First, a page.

Reply to Matthew's Bar Mitzvah Invitation (not sent)

I recently received an invitation to the bar mitzvah of the grandson of my first cousin; this ceremony is, as you may know, the induction of the youngster into Jewish adulthood. 

The invitation itself was colorful and cheery, produced, no doubt, with invitation-creation software and thus exhibiting neither coherence nor originality but just an electronic mad mix of fonts, patterns, and such, chosen from among an infinity of alternatives.

Strangely, the trifold invitation had a circular graphic of a phonograph record at the edge, like a seal (but with no adhesive).  And the response card was another representation of an old 33 1/3 LP. 

WTF??  Has any of these kids even SEEN a record?  Is that the best symbol for “music” that they could some up with?  There’s a reason why “I sound like a broken record” no longer means anything to large numbers of young people.

Anyway, here’s the reply I would like to send but, once again, in the interests of family harmony, will not.

Dear Matthew,

My best wishes for a happy birthday and for many years of health and happiness. My wife and I (I am your grandmother Brenda’s first cousin) must regretfully decline your invitation, because as a matter of deeply held principle, we do not participate in religious rituals based on lies, fantasy, and the humiliation of human beings in front of nonexistent deities. Your bar mitzvah falls into that category.

Sending this invitation in the first place represents a kind of cluelessness on the part of your parents — insensitivity to MY religious beliefs — which is understandable, since secular unbelievers like me, though we account for 16% of the population (more than Jews, more than Blacks) are conveniently ignored. We’re only a tiny percentage of all Jews. I wouldn’t have been hurt if I had not received an invite.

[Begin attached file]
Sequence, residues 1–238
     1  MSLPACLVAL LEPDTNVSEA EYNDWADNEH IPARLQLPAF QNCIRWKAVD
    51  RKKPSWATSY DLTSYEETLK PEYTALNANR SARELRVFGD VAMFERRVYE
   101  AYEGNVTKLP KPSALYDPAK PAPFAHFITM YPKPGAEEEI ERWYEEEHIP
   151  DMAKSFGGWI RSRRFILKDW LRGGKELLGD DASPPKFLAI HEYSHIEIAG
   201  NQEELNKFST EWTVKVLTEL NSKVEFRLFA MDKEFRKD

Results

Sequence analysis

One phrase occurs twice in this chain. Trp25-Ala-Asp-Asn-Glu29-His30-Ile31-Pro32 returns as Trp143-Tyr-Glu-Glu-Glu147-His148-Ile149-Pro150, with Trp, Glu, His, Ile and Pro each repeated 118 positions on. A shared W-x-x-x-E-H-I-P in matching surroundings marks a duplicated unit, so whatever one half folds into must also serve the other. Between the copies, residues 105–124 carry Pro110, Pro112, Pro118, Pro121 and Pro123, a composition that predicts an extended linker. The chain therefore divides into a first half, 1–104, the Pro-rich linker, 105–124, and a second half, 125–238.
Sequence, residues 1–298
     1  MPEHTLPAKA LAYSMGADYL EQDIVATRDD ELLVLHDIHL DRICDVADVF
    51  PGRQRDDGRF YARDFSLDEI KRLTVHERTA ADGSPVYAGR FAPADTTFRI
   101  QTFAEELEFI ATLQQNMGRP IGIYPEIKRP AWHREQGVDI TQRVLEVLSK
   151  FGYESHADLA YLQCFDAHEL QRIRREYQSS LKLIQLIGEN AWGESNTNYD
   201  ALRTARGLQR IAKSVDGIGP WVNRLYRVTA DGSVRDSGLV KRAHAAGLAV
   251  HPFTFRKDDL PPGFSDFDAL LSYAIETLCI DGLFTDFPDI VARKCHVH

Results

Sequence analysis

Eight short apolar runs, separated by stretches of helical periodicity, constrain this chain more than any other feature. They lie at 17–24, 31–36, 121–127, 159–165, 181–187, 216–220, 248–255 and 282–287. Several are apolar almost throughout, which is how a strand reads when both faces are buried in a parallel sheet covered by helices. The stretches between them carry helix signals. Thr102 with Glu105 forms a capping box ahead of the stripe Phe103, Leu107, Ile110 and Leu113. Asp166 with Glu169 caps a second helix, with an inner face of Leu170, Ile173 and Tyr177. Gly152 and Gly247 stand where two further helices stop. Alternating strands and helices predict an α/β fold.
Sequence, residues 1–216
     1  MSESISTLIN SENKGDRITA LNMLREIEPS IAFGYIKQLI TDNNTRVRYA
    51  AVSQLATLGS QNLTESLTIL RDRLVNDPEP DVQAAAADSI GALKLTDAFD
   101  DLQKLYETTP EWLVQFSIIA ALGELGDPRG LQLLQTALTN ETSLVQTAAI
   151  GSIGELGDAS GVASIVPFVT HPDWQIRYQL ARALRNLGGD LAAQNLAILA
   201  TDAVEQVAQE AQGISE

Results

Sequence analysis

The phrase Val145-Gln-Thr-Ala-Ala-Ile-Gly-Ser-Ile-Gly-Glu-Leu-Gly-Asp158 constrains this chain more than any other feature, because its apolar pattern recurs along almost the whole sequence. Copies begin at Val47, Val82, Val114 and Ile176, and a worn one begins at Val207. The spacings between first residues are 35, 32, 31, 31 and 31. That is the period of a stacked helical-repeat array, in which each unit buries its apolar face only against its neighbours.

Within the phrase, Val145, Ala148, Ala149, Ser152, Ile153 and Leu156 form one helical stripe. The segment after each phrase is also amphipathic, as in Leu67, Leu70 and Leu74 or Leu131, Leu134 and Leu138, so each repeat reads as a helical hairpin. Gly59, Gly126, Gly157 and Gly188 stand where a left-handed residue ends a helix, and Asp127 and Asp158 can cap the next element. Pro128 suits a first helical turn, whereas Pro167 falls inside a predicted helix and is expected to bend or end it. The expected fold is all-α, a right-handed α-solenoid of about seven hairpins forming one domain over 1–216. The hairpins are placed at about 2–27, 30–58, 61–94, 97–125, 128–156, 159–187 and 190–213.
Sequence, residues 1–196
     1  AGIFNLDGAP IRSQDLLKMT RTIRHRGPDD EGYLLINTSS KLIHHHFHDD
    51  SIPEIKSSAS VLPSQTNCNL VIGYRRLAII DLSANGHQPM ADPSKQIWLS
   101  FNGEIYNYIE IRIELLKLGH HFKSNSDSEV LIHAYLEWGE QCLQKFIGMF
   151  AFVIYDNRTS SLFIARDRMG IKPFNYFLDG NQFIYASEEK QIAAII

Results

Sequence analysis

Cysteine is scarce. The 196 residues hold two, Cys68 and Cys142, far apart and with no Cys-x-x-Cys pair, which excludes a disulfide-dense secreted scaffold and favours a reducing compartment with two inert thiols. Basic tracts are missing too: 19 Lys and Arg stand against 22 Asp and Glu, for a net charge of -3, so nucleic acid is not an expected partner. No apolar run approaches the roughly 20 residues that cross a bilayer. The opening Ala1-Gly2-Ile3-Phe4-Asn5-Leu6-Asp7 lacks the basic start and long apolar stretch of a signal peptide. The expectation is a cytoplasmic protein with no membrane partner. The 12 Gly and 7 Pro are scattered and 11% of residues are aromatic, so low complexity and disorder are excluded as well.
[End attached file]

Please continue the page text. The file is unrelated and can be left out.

Matthew’s bar mitzva

I am fully aware of what I am turning down.

There will be a religious service of obeisance to an invisible, mutually imagined deity (sorry to be blunt, Matt, but that’s how we unbelievers see people who pray…and how they might see themselves if they dared reflect on what they’re doing).

Whenever I’m invited to one of these things, I check out the Torah reading, so I can feel doubly good – about missing all the boring primitive-shepherd stuff, as well as the tedious party that follows (see below).

Your Torah reading comes from Leviticus 25:1-26:2, according to  As soon as I saw “Leviticus,” I expected a bunch of rules and regs, because this book is full of them, and your Torah portion does not disappoint.

First, there’s the command to observe, every seventh year, “a year of complete rest for the land” and every 50th year, a year of jubilee.  The meaning of “jubilee” is unclear; it comes from the Hebrew word for “ram’s horn.”  All kinds of moral meaning have been attributed to these passages.  The ancient Jews were environmentalists!   They respected the earth!  Actually, the text gives no explicit reason for these agricultural practices.

L25:10 orders the people to “proclaim release” throughout the land.  Another obscure directive: it could also mean “proclaim freedom,” though the modern Western concept of freedom was unknown to these people, and indeed, L25:44 and subsequent verses provide rules for the sale and possession of slaves.